The units are capable of outputting eight channels of 16-, 20- or 24-bit digital audio at 44.1, 48, 88.2 or 96 kHz through AES/EBU connectors. The ADAT optical connector (or optional TDIF card) outputs either eight channels at 44.1 or 48 kHz or four channels at 88.2 or 96 kHz (each channel uses two tracks on the recorder at the higher rates).
BNC word clock in and thru/out (user-selectable) connections are found on the rear panel. The units can lock to incoming clock signals at frequencies ranging from 44.1 kHz to 96 kHz +/- 6 percent.
With our bench tester, Bascom King, handling the objective testing (see bench test on p. 28), Iput the two AD models through their subjective evaluation.
I used the two converters on a variety of projects for the last several months with excellent results. Although I had a few complaints, these units provide high-quality audio and flexibility at a reasonable price.
First Iused the AD96 to transfer tracks from a two-inch analog deck into Pro Tools. This was achieved easily and without reference to the manual. Tracks came straight off the analog deck and into the XLR inputs on the converter, and the resulting digital audio was outputted at 24-bit 48 kHz on the four AES/EBU outputs in single-wire mode.
I also dumped analog tracks straight into an ADAT XT-20 using the AD96’s ADAT optical port sending 20-bit 48 kHz audio. Again, this operation was easily negotiated and the resulting tracks sounded noticeably clearer and more detailed than corresponding tracks recorded through the ADAT’s internal A/D converters. I love it when you can actually hear a difference!
I did use the high-sample rate ADAT optical mode to send four channels of 96-kHz audio to eight tracks on the XT-20 with apparent success. Unfortunately, without the corresponding DA96 to test, I had no way of playing back these tracks. I also recorded two channels of 24-bit/96 kHz audio to my computer using an AES/EBU output on the AD96 running into an RME digital audio card, again with out any hitches or glitches.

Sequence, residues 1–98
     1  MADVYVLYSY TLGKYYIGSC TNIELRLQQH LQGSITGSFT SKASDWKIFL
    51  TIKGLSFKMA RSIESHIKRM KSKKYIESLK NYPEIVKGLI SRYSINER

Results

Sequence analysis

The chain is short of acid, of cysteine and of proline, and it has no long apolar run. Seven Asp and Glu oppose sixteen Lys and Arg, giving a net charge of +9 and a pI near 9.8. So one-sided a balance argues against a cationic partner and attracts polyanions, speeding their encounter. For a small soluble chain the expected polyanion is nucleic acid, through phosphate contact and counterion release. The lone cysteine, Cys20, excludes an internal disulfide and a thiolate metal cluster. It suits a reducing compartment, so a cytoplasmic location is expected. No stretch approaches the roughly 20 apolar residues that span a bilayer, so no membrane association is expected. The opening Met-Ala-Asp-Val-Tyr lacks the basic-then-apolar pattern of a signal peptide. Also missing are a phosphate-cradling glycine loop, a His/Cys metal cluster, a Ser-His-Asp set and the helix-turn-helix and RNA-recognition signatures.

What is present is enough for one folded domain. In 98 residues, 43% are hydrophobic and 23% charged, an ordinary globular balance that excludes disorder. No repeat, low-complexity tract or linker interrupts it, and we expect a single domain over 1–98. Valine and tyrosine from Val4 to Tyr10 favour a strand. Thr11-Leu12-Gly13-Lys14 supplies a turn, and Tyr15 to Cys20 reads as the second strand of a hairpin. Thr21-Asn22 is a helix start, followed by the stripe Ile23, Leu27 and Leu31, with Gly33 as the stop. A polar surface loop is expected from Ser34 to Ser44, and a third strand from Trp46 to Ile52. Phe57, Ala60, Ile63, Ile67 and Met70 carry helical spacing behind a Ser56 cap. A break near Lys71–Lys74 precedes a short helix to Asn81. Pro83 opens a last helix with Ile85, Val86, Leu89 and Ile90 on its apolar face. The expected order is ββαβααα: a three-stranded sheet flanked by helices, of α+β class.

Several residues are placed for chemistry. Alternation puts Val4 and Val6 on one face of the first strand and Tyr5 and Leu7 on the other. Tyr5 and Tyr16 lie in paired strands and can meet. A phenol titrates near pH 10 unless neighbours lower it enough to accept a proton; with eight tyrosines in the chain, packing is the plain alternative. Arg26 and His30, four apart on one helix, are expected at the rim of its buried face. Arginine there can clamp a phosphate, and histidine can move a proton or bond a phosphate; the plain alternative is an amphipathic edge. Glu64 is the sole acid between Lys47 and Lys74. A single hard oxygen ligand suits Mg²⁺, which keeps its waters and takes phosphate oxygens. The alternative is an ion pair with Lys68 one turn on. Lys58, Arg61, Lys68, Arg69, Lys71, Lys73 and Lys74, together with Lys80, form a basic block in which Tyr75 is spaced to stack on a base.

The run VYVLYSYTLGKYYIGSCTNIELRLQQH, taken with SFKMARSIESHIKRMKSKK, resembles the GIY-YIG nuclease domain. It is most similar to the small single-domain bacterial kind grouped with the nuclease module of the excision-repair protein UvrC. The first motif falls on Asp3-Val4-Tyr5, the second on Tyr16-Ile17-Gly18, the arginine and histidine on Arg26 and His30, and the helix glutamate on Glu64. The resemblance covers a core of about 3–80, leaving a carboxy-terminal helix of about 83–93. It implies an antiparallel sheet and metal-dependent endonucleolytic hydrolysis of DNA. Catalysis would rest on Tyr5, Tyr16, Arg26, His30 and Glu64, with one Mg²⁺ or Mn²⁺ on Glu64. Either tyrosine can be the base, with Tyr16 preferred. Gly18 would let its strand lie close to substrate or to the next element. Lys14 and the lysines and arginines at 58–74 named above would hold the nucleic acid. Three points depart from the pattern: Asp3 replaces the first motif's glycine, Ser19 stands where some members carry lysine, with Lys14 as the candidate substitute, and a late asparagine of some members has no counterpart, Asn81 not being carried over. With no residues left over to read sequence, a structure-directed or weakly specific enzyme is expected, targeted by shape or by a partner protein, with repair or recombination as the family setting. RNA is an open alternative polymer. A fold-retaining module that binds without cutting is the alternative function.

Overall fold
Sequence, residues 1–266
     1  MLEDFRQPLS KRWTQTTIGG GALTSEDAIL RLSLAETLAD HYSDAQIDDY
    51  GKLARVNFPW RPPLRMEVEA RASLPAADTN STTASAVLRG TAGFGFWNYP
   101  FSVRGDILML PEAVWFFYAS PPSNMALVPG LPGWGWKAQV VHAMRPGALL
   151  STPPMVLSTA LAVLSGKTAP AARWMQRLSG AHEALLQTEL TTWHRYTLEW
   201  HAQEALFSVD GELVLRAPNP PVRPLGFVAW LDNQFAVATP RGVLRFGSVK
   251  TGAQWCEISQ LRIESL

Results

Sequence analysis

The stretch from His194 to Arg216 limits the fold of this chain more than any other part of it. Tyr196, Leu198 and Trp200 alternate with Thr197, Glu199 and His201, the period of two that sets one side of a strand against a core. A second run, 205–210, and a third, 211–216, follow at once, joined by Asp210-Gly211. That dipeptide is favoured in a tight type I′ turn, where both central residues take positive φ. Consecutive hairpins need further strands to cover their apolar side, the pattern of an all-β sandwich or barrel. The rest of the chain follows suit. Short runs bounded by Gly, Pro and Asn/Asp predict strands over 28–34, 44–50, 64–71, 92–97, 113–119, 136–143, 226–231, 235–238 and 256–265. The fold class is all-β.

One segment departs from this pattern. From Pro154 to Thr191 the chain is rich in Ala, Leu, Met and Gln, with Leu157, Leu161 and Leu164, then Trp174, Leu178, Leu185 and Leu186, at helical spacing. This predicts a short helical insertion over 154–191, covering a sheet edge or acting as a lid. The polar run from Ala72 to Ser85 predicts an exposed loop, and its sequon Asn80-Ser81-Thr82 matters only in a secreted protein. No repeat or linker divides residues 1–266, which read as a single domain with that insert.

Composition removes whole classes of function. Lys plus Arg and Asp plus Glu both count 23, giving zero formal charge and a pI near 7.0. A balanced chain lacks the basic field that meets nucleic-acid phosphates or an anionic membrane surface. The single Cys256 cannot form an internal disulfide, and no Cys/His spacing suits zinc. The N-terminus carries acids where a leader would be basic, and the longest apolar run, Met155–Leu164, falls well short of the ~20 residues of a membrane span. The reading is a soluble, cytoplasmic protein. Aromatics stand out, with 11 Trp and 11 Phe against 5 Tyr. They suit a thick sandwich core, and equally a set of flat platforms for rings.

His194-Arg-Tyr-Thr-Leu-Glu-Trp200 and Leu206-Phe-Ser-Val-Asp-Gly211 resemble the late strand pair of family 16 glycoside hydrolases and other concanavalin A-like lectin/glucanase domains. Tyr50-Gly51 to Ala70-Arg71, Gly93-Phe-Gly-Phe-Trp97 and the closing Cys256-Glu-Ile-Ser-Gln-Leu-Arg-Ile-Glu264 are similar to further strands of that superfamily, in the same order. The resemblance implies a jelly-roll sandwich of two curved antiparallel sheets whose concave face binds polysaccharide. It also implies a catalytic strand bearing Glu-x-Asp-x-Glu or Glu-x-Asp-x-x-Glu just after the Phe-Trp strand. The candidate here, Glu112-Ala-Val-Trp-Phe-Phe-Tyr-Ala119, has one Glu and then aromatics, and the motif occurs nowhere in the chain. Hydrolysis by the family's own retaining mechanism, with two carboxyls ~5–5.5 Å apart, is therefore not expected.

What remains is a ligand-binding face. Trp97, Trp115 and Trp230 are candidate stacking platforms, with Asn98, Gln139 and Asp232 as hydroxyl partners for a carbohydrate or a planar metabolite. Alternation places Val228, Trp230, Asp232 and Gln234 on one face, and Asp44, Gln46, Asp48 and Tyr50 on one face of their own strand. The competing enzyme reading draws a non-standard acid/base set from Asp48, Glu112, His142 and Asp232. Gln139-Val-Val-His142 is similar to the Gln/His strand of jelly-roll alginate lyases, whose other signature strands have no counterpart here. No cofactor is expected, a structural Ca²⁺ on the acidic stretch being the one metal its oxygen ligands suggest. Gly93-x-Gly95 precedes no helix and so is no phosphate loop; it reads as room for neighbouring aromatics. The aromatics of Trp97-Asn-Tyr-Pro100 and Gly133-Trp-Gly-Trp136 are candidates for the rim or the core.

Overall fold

I recorded a variety of sessions using the AD96M and its eight internal mic preamps. These sessions included tracking acoustic and electric guitars, bass, vocals, keyboards and percussion. After careful level adjustment, all tracks went to tape (and hard disk) flawlessly.
While not quite as sonically pleasing as other dedicated (and expensive) mic preamps available for comparison, the AD96M held its own, beating out the internal preamps on a Spirit digital and MCI analog mixer. Relatively speaking, at roughly $300/channel including high resolution A/D converter, these mic preamps sound good indeed!
While the two units performed well-producing high-sample rate/high-resolution digital audio with a great degree of options and flexibility – a few omissions in features and ergonomics should be mentioned. First, the lack of external inserts between the mic preamps and converters limits the usefulness of the M model. There were certain times when some compression on the way in to the converter would have resulted in a better signal to tape (and corresponding higher resolution).
This, of course, was especially true of dynamic instruments where initial transients shoot out some 20 dB over the average signal (a timbale and trumpet track come to mind). In these cases, an external mic pre was run into a limiter and then into the AD96M. At this price point, inserts, or defeatable peak limiters on each channel, are more wish list items than complaints, as they would add significant cost to the units.
Also, the addition of a peak hold function on the M model would be extremely useful. After using and relying on the peak hold function of the AD96, its omission on the AD96M model was all the more obvious. The single, tricolor LED for metering does not allow this option, but there is sufficient space for the addition of another dedicated peak indicator (hint, hint).
Overall, the Panasonic AD96 and AD96M are excellent values and incredibly easy to use. The high-resolution audio they produce is attributable to solid construction, quality parts and innovative circuit design; the resulting performance of these units is hard to fault. One may want to opt for the AD96 and use external microphone preamps if the lack of inserts is an issue – otherwise the low-noise mic preamps on the M model are a sonic bargain.